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Old 08/14/2012, 03:30 PM   #31
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Location: Madison, WI
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I see there is alot of debate on GBD and i'm hoping someone can help me.

I've had 4 erectus horses for a year now and everything was going fine until a couple months ago. One of my males started with the pouch problems and then i noticed bubbles on his tail so I treated him in a separate 10 gallon. Weeks went by and he was fine then both males got it so i treated both of them. Ever since then they both need pouch evacts every couple days... not real sure whats wrong. I change the water every week.

background on the tank they are in.

38 gal.
salinity: .024
temp: 76 (a little warm, chiller is getting fixed)
filtration: 2 quiteflow 20 (h20 level is always at the top of filter. tank will be drilled this weekend.)
2" sand bed
36" coral life T5
30 lbs. Live Rock
I feed them gamma slice mysis shrip and brine. occasionally live brine

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Old 08/14/2012, 10:06 PM   #32
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As you have 4 erectus in a 38g tank you are placing a huge bioload on the tank and system, especially for 4 erectus which are a very large bodied seahorse.
Water quality seems to be a big thing with GBD and pouch emphysema so I'd figure you have to do larger, more frequent water changes coupled with vacuuming of detritus and uneaten food before it can decay.

Seahorses. Culture nanno, rotifers and brine shrimp.

Current Tank Info: Seahorses
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Old 04/30/2014, 01:55 PM   #33
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Don't bug me I did my research,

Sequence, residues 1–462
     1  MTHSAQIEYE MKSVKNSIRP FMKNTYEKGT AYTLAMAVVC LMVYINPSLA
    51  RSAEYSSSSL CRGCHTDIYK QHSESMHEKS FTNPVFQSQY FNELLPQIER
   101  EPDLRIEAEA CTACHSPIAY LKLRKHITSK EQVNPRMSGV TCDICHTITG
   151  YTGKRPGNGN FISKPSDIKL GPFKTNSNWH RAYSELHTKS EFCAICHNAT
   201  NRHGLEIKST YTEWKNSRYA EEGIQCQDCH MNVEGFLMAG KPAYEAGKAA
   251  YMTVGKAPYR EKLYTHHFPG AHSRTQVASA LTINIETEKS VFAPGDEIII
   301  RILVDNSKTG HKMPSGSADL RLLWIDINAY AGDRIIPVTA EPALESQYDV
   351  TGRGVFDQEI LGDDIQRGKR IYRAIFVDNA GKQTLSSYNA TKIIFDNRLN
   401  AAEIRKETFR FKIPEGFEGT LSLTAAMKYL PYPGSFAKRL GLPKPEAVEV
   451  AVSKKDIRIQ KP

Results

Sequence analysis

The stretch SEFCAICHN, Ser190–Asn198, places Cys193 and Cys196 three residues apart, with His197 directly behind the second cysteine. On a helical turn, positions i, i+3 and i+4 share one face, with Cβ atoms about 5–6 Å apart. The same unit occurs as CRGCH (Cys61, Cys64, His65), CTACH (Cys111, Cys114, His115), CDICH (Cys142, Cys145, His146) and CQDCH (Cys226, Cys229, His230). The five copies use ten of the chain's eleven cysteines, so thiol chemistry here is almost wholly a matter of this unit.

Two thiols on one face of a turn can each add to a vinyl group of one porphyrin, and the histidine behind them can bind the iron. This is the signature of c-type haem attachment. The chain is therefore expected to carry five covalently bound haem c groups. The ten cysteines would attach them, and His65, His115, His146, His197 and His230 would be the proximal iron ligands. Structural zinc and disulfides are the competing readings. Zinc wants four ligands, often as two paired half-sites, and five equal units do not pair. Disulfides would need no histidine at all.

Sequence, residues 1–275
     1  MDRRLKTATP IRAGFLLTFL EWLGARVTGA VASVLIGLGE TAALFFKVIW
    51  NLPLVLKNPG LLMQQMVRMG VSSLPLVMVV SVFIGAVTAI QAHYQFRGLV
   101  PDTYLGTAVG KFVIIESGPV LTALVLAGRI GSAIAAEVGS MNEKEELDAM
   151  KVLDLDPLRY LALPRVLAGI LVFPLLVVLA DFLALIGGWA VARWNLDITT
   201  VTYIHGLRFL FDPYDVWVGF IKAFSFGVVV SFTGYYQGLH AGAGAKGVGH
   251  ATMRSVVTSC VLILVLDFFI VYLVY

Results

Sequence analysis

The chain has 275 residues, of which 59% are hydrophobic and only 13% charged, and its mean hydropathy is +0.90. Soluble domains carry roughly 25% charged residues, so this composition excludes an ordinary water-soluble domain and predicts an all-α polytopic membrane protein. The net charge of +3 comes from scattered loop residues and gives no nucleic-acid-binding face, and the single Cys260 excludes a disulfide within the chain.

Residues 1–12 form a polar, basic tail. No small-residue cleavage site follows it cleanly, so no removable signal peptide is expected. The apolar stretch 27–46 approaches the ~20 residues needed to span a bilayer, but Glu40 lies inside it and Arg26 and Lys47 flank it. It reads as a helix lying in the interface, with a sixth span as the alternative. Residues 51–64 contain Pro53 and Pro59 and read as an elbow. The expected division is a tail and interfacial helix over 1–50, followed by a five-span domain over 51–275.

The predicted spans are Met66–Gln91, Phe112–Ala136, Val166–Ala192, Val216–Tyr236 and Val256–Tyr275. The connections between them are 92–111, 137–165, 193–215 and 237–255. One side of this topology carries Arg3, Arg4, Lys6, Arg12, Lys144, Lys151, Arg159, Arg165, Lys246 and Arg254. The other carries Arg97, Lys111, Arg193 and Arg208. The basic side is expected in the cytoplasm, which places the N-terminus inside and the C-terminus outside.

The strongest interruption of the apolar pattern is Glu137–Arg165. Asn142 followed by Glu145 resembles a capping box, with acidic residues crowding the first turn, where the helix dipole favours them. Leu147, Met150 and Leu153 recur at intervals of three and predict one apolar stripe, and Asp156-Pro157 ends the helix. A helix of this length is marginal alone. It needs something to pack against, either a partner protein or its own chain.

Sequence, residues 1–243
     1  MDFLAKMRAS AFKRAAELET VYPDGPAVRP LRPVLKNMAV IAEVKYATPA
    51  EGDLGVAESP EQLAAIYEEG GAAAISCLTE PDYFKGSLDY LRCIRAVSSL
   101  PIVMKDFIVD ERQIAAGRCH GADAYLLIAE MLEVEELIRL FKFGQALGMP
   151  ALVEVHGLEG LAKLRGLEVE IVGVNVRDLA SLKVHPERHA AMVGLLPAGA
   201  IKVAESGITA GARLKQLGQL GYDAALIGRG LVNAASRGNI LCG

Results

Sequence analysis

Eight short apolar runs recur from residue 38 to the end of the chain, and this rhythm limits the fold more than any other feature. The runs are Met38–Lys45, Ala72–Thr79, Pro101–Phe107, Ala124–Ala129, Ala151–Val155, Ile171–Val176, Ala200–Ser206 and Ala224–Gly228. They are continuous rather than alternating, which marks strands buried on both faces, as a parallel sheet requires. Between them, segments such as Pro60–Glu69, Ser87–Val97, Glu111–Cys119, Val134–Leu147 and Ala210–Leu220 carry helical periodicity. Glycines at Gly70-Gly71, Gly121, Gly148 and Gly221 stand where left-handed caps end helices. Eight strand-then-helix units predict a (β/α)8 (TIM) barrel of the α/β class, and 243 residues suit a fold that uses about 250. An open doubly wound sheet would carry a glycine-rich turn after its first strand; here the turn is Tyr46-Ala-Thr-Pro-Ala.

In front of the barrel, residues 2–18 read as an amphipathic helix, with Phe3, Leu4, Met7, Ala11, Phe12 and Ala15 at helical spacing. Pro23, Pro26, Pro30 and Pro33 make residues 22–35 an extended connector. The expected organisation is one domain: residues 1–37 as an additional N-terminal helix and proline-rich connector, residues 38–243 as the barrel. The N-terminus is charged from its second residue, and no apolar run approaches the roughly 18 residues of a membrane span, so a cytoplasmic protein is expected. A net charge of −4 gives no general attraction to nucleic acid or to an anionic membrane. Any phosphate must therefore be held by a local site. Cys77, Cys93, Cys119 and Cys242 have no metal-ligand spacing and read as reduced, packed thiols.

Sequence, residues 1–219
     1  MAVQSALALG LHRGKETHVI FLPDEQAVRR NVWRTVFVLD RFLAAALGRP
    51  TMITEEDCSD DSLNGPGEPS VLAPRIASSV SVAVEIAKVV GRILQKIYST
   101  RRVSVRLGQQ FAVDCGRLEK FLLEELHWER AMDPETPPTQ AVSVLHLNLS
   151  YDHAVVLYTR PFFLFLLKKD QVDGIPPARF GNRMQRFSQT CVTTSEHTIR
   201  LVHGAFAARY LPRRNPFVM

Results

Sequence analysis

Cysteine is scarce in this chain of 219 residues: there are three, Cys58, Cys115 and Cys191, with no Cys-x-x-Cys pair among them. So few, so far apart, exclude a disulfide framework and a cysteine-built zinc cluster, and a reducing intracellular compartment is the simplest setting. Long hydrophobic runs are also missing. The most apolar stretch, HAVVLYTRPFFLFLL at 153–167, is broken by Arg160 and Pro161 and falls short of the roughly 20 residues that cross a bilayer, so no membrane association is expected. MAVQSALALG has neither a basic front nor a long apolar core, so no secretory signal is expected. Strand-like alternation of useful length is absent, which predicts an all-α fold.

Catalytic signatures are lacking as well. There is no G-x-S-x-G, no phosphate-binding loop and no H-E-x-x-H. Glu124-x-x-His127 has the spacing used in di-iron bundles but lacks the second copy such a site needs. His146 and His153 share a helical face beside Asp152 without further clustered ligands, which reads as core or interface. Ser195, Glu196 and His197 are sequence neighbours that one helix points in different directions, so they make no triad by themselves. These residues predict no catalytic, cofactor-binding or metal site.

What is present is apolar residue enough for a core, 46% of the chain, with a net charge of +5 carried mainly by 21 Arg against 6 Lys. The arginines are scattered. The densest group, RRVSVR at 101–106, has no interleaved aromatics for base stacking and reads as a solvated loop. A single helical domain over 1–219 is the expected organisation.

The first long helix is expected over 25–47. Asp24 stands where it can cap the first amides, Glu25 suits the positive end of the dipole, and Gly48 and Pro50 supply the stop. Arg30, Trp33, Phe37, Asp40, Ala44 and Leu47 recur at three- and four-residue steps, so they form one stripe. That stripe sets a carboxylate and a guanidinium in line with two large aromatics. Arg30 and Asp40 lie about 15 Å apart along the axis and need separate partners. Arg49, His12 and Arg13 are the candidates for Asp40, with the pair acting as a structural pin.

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Old 01/28/2016, 01:58 PM   #34
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Just a theory of mine, but could an infection be causing the gas and not the other way around?

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Old 01/28/2016, 03:32 PM   #35
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That's been looked at numerous times and it's still debated but the general consensus seems to be no.. However, numerous pathology studies have come back with no bacteria. Sometimes vibrio is found in association with it, but most assume is that trauma from the gas allows for an invasion of opportunistic bacteria.

Further on that note, people have tried treating with antibiotics and they generally don't work. Diamox, which acts on carbonic anhydrase does resolve the symptoms, at least in the short term.


It's all about the snick!

Current Tank Info: I have a fish room.
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Old 09/13/2016, 12:38 AM   #36
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Location: Fremont, CA
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I had the gas bubbles primarily with breeding male pipefish who had them in their belly fold. This was in rather dirty tanks, some with and some without skimmer.

To me opportunistic bacteria as the underlying case seem plausible. The primary location would fit some dirt getting trapped and starting an infection.
At least with my pipefish it was for sure not super saturation. If it was I would have expected to see males and females equally affected.

If it is caused by opportunistic bacteria, antibiotic treatment is unlikely to have a lasting effect.

Diamox treats the symptom, but not the cause.

Pairs: 4 percula, 3 P. kauderni, 3 D. excisus, 1 ea of P. diacanthus, S. splendidus, C. altivelis O. rosenblatti, D. janssi, S. yasha & a Gramma loreto trio
3 P. diacanthus. 2 C. starcki

Current Tank Info: 200 gal 4 tank system (40x28x24 + 40B + 40B sump tank + 20g refugium) + 30x18x18 mixed reef + 20g East Pacific biotop + 20g FW +...